Oink Ink is an award-winning, bicoastal creative agency founded by veteran managing director and president Dan Price and his brother, executive creative director Jim Price. Oink Ink writes, produces, directs and manages radio advertising for ad agencies, client-direct accounts, cable network promos and special projects. Headquartered in New York, and with offices in Los Angeles, Oink Ink has been providing high-end radio work for 18 years, for such notable clients as Google, AT&T, CBS Television, Coors Light, Ford, IBM, Southwest Airlines and Staples, to name a few. Oink Ink is a sister company of 38 Greene Studios in New York, which produces sound design, radio, audio for TV and original music work for such ad agency leaders Wieden + Kennedy, BBDO, McCann-Erickson, Ogilvy, Publicis and Saatchi & Saatchi.
April 14, 2010
HOLLYWOOD, CA -- In a whimsical, branding initiative, yU+Co, the design and visual effects studio led by Creative Director Garson Yu, unveiled a multifaceted campaign targeting…well, every person in America. Working under the direction of agency DraftFCB New York, the 2010 Census campaign encompasses TV, print, outdoor and online -- a media blitz that includes the work of 14 partner agencies produced in 28 different languages.
''It was an enormous project -- absolutely the biggest I’ve ever worked on,'' Gary Resch, Senior VP, Executive Creative Director at DraftFCB, says. ''We’re essentially speaking to every person in America and its territories, and all ethnicities. We had to make sure the messaging was consistent, but also recognize that what’s right for one group might not be right for another.''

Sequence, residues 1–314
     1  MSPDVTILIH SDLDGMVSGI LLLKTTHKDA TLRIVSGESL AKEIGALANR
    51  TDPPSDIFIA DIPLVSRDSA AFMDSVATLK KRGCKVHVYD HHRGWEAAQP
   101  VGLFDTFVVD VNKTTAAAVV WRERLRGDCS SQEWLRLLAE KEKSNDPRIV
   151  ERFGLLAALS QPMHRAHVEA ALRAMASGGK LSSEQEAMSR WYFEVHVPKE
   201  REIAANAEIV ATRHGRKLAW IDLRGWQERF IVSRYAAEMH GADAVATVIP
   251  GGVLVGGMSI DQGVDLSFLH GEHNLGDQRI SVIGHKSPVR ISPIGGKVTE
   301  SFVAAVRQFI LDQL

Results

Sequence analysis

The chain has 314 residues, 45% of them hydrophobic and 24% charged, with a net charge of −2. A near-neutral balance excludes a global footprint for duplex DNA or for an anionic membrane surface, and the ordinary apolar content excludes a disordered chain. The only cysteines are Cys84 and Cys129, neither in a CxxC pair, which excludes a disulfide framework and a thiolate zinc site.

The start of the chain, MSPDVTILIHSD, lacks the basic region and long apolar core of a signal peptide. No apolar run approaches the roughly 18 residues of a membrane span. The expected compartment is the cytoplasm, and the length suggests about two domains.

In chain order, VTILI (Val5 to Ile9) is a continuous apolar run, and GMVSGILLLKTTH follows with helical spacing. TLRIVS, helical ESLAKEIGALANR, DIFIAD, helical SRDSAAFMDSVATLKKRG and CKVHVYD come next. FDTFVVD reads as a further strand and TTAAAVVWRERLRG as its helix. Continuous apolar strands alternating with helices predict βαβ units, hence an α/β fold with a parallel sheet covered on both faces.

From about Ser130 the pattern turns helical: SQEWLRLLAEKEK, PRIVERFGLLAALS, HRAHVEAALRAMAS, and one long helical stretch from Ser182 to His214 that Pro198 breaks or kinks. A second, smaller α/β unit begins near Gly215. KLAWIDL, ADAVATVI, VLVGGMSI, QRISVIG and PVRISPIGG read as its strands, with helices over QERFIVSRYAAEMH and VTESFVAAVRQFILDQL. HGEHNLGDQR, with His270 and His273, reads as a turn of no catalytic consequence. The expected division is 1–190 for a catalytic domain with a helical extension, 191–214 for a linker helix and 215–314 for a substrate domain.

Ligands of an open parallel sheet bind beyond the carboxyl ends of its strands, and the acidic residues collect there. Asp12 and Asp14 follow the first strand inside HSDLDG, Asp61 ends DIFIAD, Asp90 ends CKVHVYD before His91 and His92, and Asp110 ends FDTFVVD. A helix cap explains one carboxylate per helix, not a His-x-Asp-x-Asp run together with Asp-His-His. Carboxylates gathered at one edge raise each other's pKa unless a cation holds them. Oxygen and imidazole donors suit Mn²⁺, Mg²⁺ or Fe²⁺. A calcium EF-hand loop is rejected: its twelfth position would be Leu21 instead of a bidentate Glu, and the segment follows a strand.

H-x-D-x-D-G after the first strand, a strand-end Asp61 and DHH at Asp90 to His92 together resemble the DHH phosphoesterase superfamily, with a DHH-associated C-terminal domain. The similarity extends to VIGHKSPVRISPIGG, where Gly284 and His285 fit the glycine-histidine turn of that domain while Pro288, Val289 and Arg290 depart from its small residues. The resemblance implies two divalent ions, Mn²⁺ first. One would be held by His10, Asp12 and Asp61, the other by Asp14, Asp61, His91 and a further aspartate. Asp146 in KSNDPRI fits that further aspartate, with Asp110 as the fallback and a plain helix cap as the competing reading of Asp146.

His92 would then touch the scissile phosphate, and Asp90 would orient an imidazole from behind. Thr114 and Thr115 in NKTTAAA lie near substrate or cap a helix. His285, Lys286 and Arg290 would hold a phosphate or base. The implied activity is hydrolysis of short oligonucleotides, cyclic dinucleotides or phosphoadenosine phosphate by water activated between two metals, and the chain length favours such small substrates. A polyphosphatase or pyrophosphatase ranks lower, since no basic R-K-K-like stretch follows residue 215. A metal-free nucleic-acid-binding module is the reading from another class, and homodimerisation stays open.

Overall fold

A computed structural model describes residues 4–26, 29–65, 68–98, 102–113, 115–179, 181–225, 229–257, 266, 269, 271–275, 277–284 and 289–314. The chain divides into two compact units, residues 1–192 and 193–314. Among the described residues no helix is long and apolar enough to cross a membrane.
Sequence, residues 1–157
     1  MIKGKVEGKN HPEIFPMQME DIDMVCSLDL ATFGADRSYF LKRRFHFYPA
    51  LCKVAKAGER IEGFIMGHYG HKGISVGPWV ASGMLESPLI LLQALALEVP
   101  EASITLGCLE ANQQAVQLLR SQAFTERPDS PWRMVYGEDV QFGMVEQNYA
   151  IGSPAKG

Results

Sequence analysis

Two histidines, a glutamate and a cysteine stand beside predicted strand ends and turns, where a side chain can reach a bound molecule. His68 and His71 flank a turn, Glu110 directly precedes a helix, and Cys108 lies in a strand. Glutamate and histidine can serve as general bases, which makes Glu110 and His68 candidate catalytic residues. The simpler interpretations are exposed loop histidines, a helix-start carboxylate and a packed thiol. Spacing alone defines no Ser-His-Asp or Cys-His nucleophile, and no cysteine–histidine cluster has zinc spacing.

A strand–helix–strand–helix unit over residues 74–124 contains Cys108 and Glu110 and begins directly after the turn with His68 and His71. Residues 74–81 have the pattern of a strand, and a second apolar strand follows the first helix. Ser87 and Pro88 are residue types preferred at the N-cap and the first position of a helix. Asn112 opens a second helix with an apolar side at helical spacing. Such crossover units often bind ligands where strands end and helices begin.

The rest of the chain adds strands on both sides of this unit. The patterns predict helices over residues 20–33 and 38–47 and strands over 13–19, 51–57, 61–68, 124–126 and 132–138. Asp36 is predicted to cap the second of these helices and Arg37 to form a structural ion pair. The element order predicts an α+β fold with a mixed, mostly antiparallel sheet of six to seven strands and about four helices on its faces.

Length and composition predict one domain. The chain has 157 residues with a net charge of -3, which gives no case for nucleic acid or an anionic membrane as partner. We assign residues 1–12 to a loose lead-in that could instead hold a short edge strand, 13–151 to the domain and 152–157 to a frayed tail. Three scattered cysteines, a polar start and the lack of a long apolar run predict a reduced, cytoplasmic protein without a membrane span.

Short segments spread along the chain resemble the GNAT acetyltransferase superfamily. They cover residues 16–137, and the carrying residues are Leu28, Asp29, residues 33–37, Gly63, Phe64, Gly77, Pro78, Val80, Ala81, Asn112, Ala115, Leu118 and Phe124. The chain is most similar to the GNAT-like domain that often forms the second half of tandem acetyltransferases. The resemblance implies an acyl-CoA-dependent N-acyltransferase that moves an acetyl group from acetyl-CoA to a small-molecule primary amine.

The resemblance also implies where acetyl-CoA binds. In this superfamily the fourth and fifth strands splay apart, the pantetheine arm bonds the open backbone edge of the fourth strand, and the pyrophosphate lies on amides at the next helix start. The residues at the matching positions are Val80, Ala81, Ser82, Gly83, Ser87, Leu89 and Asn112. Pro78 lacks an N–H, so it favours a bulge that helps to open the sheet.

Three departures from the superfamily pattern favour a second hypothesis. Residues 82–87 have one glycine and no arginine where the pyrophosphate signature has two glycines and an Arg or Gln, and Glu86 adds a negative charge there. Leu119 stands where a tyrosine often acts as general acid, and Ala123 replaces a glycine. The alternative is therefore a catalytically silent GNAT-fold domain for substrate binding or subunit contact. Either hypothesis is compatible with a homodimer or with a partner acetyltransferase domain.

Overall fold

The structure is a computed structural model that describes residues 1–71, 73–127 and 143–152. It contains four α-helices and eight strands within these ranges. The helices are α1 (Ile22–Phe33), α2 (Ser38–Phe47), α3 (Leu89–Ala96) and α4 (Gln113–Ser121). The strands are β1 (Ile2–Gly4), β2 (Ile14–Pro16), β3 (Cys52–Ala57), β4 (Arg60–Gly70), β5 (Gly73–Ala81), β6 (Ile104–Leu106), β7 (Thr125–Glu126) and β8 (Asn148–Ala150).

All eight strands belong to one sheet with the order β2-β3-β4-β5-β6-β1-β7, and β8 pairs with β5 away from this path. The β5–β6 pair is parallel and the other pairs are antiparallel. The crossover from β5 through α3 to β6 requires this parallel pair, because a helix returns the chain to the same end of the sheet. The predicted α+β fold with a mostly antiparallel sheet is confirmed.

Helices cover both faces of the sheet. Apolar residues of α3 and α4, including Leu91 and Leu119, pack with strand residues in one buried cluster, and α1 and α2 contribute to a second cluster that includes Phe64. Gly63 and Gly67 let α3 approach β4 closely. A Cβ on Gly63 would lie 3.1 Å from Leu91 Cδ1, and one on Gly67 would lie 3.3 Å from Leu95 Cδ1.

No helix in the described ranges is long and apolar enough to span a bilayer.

Yu adds, ''There was a very specific message that the U.S Census Bureau needed to communicate: encourage people to fill in the form and mail it back. The solution was a very direct message and execution that even a four-year-old child could understand.''
Through five :15 TV spots, the census form comes to life. In what look like paper cutouts, elements of the form get up and move across the blue and white landscape of the mailer. ''The shape of the Census form envelope is like an arrow,'' Yu explains, ''The shape of a roof -- on a hospital, a school or a house -- is also like an arrow. These components give you something that’s very clever, intelligent and smart. It doesn’t look like a generic motion graphics spot because we used the actual form to give vitality to the graphic instead of relying on a computer graphic. We created the animation using stop motion – it looks like paper. It’s borne out of the story and the content.''
The arrow, used throughout the multi-media campaign, becomes a device as elegant and clear as international signage leading the viewer through the specific stories of the spots. Boxes, dots, punctuation marks and letters on the form become whatever the message dictates. In one spot, ''Ten Years,'' the form springs to life as a blue border becomes the arrow showing viewers precisely where to go on the document. The number ‘10’ becomes a clock counting off ten minutes and boxes become buildings that jump up on the landscape. The voiceover narrates the journey with: ''When you take ten minutes to answer ten questions, your local community gets what it needs for the next ten years.''